9. HotGuns

    HotGuns Member

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    Using various types of media is a trick that is well known throughout the suppressor industry. Wire pulling jell is popular because it is cheap. Others, such as water, Breakfree,Wd-40,vaseline, and others are pretty common. I have personally used Thompson Center Natural luber 1000 with great results.

    The theory is that it reduces the heat, which uses more energy which results in a quieter shot and it does work. Some cans,due to the baffle design work better than others.

    Some suppressors like the Thompson Machine Poseidon in the 9mm and .45 calibers are very small and designed to be shot wet. Using them wet brings them down to the sound of the larger calibers in a much smaller package.

    I too have a DD 214 with lots of stuff on it but mine is 35 years old. I havent looked at it in 10 years.;)
     
  10. JonM

    JonM Moderator

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    I can run my little sparrow wet but its just damn messy regardless of what you put inside the suppressor. The damn things make enough of a nasty mess without adding liquids or semi liquids into the mix.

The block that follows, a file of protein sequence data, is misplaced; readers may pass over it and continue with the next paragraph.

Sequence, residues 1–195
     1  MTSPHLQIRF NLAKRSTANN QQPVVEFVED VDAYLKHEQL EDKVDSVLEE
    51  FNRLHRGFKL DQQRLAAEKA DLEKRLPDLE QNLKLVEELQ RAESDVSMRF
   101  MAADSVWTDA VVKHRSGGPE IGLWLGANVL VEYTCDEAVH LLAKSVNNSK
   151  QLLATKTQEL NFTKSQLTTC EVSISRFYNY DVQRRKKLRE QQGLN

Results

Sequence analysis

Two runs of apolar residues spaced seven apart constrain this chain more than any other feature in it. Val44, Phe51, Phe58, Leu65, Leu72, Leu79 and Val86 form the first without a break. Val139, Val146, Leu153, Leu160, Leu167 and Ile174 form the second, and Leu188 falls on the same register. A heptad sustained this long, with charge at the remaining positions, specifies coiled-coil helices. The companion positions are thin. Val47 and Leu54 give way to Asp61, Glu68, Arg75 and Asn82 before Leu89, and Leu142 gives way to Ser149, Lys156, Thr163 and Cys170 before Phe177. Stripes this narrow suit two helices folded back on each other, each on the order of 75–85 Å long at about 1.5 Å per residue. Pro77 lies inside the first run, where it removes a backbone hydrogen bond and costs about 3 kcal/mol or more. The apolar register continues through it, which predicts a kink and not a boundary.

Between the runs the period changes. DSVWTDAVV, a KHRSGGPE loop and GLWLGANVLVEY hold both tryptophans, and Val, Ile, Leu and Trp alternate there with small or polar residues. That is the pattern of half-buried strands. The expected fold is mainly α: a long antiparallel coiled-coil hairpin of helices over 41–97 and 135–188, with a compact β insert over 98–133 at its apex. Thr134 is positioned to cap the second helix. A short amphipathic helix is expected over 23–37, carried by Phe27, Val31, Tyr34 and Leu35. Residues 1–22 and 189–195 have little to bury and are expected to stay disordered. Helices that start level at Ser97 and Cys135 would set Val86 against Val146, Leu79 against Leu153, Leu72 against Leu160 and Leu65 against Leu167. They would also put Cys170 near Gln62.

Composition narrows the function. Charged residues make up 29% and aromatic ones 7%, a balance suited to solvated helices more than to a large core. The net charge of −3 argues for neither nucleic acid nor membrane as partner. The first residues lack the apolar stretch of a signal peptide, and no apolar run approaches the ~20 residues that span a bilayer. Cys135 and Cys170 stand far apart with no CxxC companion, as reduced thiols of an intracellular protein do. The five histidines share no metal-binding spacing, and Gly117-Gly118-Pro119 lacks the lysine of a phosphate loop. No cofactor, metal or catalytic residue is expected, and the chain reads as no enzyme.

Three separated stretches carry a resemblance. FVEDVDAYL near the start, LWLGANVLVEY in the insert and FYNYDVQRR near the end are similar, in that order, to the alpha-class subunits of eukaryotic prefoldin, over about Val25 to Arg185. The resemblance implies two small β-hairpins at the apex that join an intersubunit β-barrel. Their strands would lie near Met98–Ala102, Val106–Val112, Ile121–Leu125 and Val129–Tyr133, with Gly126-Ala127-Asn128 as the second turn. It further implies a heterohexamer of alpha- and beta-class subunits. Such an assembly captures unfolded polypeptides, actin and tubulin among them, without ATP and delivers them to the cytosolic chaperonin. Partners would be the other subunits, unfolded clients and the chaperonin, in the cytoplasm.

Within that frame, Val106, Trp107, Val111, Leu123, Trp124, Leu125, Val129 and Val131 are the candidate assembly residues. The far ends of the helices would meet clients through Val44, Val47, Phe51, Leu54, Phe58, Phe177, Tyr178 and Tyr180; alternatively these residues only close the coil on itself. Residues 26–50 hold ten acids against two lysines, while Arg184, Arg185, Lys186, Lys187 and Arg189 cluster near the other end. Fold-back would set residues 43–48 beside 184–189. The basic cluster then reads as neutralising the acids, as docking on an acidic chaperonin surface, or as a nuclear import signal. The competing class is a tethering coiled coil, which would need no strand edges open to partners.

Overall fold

Anyway an osprey is on my must have list. Purely due to the low aspect and indexing feature. Doesnt hurt that silencerco is one of those amazing to deal with companies who have steller customer service.

    To me its a no brainer if there is a silencerco product to fit my need its going right to the top of the list for consideration.
     
  11. StephanCTF

    StephanCTF New Member

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    All great info to have, hadn't thought about the mechanics of the heat absorption specifically of the media inside the can, in relationship to the controlled space for the gasses to expand causing sound dampening and what not, the science behind this stuff fascinates me, also good to know that I eventually won't need to carry a damn copy of my dd round with me for everydamnthing va,college,job, seems everyone needs ta see that thing, they're probably using it to steel my friggin identity (damn strippers) my dd's only a 6 month old beautiful lil 0.192 ounce baby